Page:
With kids out of school, self-care can feel even more elusive than usual. Making sure it happens often comes down to two things moms are great at: multitasking and flexibility.
You’ve finally gotten into the swing of things with your kiddos and workout routine, and then summer hits. Depending on daycare or summer camps, you might find that you’re suddenly on the hook for more childcare. While the pool, library, and the park are all fun excursions, there’s not so much time leftover for mom to sneak away to her workout corner.
Self-care is always important, but especially so for pregnant or postpartum mamas. Postpartum depression [PPD] is, well, depressingly common. In the United States, 1 in 7 women develops PPD in the months after giving birth. And while we definitely recommend seeing your doctor if you are having any symptoms of PPD, the link between exercise and mental health is well-documented.
Especially with hormones raging and your body either growing a baby or recovering from bringing one earthside - exercise is often the one thing that helps keep you feeling balanced, reduces stress, and can ease the symptoms of postpartum depression.
So how do you adapt your workout routine to fit the summer schedule? Here are some of our self-care ideas to help keep you active (and sane!) while simultaneously managing even more mom duties.
Bloom’s 5 Top Tips for Self-Care this Summer
1) Workout with intention (and flexibility!)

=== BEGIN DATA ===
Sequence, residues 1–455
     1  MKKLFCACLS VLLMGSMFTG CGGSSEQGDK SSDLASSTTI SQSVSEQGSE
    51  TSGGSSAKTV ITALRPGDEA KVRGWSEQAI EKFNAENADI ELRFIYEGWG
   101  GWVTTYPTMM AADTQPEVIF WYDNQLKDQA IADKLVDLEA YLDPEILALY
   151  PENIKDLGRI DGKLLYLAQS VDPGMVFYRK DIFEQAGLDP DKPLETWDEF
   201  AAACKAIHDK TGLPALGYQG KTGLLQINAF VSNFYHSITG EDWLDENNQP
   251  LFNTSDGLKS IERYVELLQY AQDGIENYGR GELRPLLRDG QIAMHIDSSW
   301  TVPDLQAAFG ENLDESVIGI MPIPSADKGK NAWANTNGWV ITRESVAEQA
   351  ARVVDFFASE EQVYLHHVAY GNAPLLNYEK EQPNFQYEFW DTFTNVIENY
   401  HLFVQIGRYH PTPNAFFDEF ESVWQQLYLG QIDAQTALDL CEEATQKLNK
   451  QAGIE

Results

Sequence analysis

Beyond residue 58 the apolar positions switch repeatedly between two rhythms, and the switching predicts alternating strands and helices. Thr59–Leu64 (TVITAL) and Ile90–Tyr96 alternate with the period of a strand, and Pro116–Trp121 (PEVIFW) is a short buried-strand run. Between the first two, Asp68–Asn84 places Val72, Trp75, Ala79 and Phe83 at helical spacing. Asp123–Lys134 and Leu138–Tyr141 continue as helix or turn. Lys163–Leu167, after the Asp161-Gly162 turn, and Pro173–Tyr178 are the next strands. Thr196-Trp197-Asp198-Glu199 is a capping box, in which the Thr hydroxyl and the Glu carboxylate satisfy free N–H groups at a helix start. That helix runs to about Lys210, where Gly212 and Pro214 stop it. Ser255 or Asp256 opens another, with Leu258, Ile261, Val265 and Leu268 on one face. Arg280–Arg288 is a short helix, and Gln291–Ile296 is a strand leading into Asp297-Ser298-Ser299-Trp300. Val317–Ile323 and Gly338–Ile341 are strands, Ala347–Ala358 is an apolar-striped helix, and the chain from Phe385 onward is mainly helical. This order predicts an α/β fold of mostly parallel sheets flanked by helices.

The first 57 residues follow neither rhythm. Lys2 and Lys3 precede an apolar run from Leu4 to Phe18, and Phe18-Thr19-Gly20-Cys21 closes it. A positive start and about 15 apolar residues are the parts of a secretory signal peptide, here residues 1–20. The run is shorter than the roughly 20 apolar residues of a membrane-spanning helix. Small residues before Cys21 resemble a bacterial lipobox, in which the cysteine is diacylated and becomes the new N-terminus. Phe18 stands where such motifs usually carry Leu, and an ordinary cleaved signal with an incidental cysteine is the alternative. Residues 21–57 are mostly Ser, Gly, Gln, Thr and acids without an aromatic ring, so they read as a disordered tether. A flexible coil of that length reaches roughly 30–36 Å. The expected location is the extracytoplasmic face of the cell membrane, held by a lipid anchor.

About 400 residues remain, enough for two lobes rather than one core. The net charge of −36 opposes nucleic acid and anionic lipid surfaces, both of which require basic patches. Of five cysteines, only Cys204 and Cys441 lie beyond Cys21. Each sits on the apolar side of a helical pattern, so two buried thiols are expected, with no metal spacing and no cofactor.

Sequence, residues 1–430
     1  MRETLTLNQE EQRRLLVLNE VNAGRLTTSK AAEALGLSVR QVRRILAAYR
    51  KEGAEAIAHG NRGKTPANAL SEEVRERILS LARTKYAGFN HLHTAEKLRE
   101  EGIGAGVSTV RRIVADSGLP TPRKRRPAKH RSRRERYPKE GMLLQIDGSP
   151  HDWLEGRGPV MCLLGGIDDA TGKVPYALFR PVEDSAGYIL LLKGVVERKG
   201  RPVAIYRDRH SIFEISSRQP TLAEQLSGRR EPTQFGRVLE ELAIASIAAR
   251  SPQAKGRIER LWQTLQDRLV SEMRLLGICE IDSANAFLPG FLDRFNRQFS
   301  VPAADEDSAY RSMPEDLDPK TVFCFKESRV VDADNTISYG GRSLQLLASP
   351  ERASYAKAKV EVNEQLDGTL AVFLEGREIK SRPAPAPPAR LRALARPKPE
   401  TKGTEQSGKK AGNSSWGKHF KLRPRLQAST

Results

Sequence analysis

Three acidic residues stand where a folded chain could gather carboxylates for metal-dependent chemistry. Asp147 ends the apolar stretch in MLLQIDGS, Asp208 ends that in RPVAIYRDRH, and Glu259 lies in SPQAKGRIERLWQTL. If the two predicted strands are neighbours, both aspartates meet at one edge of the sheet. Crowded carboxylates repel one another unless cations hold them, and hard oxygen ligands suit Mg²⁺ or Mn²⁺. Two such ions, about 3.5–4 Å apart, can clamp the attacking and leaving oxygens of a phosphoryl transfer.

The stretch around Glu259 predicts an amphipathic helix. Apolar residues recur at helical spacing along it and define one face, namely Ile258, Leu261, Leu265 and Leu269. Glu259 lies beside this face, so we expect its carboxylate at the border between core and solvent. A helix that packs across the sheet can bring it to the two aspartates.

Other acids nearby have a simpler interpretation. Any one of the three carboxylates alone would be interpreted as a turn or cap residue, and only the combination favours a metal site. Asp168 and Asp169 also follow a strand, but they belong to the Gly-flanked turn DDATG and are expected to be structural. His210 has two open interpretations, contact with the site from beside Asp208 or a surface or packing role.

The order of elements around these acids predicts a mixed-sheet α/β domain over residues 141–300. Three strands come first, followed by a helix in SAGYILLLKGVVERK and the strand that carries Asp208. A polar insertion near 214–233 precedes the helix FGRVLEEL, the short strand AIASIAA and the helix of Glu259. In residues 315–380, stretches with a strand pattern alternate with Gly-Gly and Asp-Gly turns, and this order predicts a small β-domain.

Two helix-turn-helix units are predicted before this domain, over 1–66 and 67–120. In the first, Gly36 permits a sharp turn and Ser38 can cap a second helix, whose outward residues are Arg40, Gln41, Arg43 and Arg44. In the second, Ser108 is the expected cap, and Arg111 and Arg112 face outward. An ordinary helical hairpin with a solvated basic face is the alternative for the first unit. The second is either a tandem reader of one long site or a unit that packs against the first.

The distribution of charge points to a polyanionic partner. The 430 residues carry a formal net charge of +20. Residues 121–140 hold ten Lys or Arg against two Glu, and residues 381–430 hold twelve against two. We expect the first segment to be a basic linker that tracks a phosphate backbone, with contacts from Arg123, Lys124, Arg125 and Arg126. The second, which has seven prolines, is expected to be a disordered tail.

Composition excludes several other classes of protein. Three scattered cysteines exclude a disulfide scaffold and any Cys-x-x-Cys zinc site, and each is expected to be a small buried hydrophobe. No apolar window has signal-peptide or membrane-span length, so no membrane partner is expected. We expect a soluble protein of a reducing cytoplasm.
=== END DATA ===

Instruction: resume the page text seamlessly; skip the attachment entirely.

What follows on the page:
When we’re busy and sleep-deprived, all too often exercise is the first thing to go by the wayside. Even if you only have a half-hour, a short workout can work wonders. Just because your workout is brief doesn’t mean it’s not effective - in fact, it’s often quite the opposite.
When you only have time for a short workout, chances are you’re willing to work harder. Being super focused with your workout window gives you more bang for your buck - in under 30 minutes, you can get your heart rate up, break a sweat, and boost your mood.
Of course, it’s also important to be flexible. So maybe it’s best if you just stay in your yoga pants all day. That way you can capitalize on your workout window, whenever it manifests. You wanted another reason not to stay in yoga pants all day, right?
If you need some inspiration, Studio Bloom also has dozens of express classes that you can mix and match to suit your mood (not only that, but most of our workouts are 30 minutes or less). Leg day? We can help you feel the fire in your quads. Want an upper body workout? We’ve got your back.
Follow us on IG for more short workout inspiration, like this booty burn with Bloom coach Charlene:
2) Play with your kids in a way that gets you both tired.
Moms are the masters of multitasking. While this is not always for the better, when it comes to you and your kiddos both getting some exercise, there’s really not a downside. If you’ve got a wriggly baby, perhaps they’d enjoy a bouncy chair while you do some lunges. Or maybe it’s using your babe as a weight while squatting.
Simpler and perhaps more “zen” - pop baby in a stroller and head out for a walk. Speaking of multi-tasking, Our Bloom on the Go audios are a great way to practice re-patterning your core connection while you are out and about. There are few things better for your mental health than sunshine and exercise, so head outdoors if you can for some Vitamin D and endorphins!
Going to the park? Throw some free weights in the car along with your yoga mat. While your little one is playing on the jungle gym, you can do a short workout circuit. If you don’t have any equipment, try some bodyweight exercises like jump squats, burpees, and push-ups.
3) Find time for just a few minutes of meditation.
A regular meditation practice comes along with a whole host of benefits, and it doesn’t take a huge time commitment. Meditation has been proven to lower stress levels, reduce the symptoms of depression and make you more productive by improving your ability to pay attention. It’s even been shown to increase grey matter density in the brain.